|Year : 2014 | Volume
| Issue : 4 | Page : 413-415
Does tramadol affect coagulation status of patients with malignancy?
Ayten Bilir1, Meltem Olga Akay2, Dilek Ceyhan1, Neslihan Andıc1
1 Department of Anaesthesiology and Reanimation, Eskisehir Osmangazi University Medical School, Eskisehir, Turkey
2 Department of Hematology, Eskisehir Osmangazi University Medical School, Eskisehir, Turkey
|Date of Submission||21-Nov-2013|
|Date of Decision||04-Feb-2014|
|Date of Acceptance||19-May-2014|
|Date of Web Publication||4-Jul-2014|
Department of Anaesthesiology and Reanimation, Eskisehir Osmangazi University Medical School, Eskisehir
Source of Support: None, Conflict of Interest: None
Aim: The study investigated the direct effects of tramadol on the coagulation status of women with gynecologic malignancies in vitro.
Materials and Methods: Citrated whole-blood samples from 21 patients with gynecologic tumors were spiked ex vivo with 2 or 6 μl/ml tramadol. Thrombelastography (TEG) analysis was performed using ROTEM® to assess clotting time (CT), clot formation time (CFT) and maximum clot formation (MCF).
Results: In the INTEM assay, CT (P < 0.05) and CFT (P < 0.01) were significantly prolonged with tramadol at a 6 μl/ml concentration compared with baseline. There were no significant differences in MCF values between the baseline and the tramadol-treated samples (P > 0.05). Blood medicated with tramadol (6 μl/ml) clotted slowly (increased CT and CFT).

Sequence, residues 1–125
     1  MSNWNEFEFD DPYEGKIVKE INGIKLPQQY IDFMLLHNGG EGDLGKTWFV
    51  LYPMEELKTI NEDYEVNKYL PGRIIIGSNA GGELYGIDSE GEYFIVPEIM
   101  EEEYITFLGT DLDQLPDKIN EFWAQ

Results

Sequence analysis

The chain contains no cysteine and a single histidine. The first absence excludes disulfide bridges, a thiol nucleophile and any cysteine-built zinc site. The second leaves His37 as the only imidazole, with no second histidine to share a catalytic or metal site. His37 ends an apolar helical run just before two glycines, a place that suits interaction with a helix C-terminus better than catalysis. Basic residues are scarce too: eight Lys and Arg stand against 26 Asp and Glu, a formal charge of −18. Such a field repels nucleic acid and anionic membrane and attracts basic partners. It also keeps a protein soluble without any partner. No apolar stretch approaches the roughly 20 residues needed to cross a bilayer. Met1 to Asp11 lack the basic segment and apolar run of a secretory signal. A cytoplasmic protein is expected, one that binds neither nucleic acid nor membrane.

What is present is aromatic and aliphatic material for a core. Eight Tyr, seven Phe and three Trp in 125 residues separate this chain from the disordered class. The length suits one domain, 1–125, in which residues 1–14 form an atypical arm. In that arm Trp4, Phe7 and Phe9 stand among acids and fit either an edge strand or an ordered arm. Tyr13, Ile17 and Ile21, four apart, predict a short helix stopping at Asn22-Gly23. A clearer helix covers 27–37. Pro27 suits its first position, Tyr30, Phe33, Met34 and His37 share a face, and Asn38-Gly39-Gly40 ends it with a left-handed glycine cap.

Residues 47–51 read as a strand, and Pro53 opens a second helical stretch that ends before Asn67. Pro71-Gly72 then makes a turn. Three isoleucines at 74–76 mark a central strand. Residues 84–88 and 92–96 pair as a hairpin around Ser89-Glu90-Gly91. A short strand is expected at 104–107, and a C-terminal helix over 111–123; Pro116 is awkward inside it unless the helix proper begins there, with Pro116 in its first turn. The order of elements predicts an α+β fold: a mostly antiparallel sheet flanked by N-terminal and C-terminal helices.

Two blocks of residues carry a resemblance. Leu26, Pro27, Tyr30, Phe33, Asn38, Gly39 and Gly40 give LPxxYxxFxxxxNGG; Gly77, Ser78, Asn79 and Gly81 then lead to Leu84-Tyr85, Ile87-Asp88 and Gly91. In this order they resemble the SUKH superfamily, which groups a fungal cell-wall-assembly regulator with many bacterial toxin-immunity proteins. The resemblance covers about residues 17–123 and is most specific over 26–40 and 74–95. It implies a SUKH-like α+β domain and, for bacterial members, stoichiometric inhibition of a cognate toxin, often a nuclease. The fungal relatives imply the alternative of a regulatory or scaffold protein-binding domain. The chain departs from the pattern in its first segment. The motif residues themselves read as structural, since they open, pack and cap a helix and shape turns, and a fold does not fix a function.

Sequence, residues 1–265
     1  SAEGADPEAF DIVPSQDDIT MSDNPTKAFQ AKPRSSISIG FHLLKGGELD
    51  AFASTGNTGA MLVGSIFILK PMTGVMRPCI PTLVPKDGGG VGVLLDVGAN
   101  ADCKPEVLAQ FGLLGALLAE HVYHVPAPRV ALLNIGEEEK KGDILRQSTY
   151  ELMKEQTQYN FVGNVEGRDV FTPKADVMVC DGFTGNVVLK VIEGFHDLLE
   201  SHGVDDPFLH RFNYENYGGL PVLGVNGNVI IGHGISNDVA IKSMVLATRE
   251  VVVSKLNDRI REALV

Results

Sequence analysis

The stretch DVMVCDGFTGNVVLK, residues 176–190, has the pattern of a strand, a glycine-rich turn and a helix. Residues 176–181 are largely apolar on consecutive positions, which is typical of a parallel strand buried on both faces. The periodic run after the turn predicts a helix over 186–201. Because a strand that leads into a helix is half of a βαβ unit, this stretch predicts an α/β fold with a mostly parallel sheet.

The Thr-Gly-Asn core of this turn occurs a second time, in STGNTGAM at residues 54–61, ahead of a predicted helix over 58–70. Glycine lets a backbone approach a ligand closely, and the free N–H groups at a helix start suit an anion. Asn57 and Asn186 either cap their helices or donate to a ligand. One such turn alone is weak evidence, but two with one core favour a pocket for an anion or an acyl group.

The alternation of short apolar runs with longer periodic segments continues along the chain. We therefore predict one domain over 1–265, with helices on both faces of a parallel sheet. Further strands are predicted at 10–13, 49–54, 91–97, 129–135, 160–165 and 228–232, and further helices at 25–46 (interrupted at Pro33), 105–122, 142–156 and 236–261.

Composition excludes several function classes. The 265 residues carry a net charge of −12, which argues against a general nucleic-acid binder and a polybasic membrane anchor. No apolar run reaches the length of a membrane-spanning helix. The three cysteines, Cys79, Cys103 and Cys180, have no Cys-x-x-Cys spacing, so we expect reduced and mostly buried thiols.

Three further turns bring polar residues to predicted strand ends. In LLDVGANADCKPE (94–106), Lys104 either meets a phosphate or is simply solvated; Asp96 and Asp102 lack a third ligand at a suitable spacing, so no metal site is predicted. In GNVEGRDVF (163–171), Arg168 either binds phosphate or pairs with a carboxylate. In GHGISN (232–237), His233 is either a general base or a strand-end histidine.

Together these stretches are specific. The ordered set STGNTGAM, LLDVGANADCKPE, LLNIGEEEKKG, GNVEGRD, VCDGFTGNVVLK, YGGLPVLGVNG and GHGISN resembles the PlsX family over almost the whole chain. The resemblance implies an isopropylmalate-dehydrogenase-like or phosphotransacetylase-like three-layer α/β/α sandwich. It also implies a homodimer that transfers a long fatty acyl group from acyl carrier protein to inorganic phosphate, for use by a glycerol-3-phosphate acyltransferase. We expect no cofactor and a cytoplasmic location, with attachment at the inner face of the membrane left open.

Conclusion: The changes observed by TEG demonstrated that tramadol impairs hemostasis in a concentration-dependent manner in the whole blood of women with gynecologic malignancies in vitro.
Keywords: Coagulation, malignancy, thromboelastography, tramadol
|How to cite this article:|
Bilir A, Akay MO, Ceyhan D, Andıc N. Does tramadol affect coagulation status of patients with malignancy?. Indian J Pharmacol 2014;46:413-5
| » Introduction|| |
Pain is a frequent symptom in clinical practice, particularly in patients with malignancy. There may be multiple sources of pain, including primary or metastatic origins. Clinicians must select an analgesic regimen that can control pain while minimizing side effects. Safety issues in analgesic prescription are of particular concern in relation to long-term treatment for the management of cancer-related pain.  However excruciating pain is not the only problem for cancer patients. The rising demand for pain management frequently coincides with increasing concerns about different system disorders related to the primary disease. Patients usually have to face hematological disorders related to the primary disease or chemotherapies. Changes in coagulation status and a tendency toward thromboembolic complications in patients with gynecologic cancer have been reported in many studies. ,,
Additionally, surgery is an important factor contributing to hypercoagulable states. In this context, any agent that aggravates a hypercoagulable state would be catastrophic, particularly in those patients undergoing surgery or in patients confined to bed in the terminal cancer period. However, invasive pain management techniques, such as epidurals and spinal catheterizations, are commonly used for opioid and local anesthetic administration either for postoperative analgesia or for intractable pain in terminally ill patients. Any concomitantly used agent that exerts hypocoagulable characteristics may lead to coagulation derangement and a subsequent risk of epidural hematoma. Therefore, it is of great importance for clinicians to understand the effect of analgesic agents on the coagulation system in cancer patients.